Damnit why the hell didn’t I replace the other battery?

Nothing to do but wait… I guess I could clean the boat.

We kept drifting to the south and the sun was almost gone. As the sun dropped so too did the wind until it was merely a light breeze. Mike tried a few casts with his fly rod and I organized my tangled tackle. The girls curled up under the blankets we had on the boat. 

It was a lesson in patience. 

“He’s left the dock and has a co-pilot on board.” Cyndi perked up with the good news.

“Only another twenty minutes then.” I sighed. I only had ninety bucks on me, I hoped it would be enough. 

I looked at my wife, “We have that gift certificate for The Blind Angler Restaurant, we could use that and buy our rescuers dinner.”

“It’s the least we can do,” she nodded in response. 

Before long a boat appeared in the distance.

“Hey Mike, do you know the scene in Monty Python when the guy is running towards the castle and it never seems like he is getting any closer?” I asked.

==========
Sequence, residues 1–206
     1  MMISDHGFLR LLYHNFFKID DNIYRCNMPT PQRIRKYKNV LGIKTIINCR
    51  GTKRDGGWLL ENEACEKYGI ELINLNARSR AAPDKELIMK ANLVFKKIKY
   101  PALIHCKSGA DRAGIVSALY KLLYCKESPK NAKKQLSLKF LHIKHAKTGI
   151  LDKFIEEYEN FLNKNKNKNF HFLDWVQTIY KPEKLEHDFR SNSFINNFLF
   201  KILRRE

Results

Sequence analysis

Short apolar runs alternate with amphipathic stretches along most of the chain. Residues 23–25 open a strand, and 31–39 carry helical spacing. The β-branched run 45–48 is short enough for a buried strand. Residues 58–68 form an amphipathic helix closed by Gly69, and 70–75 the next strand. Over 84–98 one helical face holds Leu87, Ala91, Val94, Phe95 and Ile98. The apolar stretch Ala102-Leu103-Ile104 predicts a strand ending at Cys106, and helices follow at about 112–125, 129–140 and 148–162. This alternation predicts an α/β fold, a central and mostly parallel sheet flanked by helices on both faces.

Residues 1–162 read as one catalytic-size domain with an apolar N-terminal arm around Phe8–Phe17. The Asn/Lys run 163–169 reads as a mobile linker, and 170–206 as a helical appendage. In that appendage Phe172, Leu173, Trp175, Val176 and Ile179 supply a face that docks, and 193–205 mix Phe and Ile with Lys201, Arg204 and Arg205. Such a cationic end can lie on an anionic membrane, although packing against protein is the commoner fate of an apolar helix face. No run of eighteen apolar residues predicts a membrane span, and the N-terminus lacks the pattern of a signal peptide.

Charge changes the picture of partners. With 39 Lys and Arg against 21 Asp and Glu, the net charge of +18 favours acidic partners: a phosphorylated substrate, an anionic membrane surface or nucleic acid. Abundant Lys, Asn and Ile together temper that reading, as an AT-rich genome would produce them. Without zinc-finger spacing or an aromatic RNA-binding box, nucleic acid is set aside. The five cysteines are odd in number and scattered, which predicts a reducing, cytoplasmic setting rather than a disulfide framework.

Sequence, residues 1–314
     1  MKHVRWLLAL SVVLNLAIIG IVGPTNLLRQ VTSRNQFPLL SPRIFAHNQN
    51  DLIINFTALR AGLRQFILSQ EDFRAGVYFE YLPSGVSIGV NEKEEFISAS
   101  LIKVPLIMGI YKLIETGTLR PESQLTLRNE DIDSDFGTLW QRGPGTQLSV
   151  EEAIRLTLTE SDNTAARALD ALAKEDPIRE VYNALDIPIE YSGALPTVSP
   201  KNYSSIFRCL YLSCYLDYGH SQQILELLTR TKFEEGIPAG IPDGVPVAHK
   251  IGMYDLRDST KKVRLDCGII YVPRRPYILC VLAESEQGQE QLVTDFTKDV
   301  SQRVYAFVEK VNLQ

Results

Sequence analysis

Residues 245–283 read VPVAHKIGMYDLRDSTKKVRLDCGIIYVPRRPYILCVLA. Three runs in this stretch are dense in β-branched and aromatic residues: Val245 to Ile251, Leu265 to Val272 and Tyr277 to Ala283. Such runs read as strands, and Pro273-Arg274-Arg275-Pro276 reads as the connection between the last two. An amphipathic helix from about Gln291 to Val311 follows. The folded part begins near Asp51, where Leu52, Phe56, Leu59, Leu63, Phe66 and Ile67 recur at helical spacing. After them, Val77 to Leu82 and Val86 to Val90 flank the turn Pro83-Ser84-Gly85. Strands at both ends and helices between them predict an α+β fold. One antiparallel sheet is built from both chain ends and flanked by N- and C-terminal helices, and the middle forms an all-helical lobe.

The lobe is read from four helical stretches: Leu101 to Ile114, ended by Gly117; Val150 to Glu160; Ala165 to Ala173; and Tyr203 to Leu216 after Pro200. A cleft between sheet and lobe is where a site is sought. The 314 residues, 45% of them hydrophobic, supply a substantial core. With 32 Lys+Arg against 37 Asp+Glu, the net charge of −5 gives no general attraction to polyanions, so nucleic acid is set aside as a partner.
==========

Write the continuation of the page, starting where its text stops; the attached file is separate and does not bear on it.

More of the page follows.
“Ya, and then, boom, he is there.”

“Well, every time I look at that boat coming that’s what it seems like.” I shrugged and laughed. The girls looked at me like I was from another planet.

Sure enough though – suddenly our rescuers were there. 

Kane had a battery he said he keeps for such a time, his booster box wasn’t charged up and his cables were too short to reach from one boat to the other. I tried to boost the boat off the battery he brought but, nothing.

Kane brought his boat around to the front and they hooked up while I continued to try to start my engine. And soon enough we were off like a herd of turtles heading back to the marina.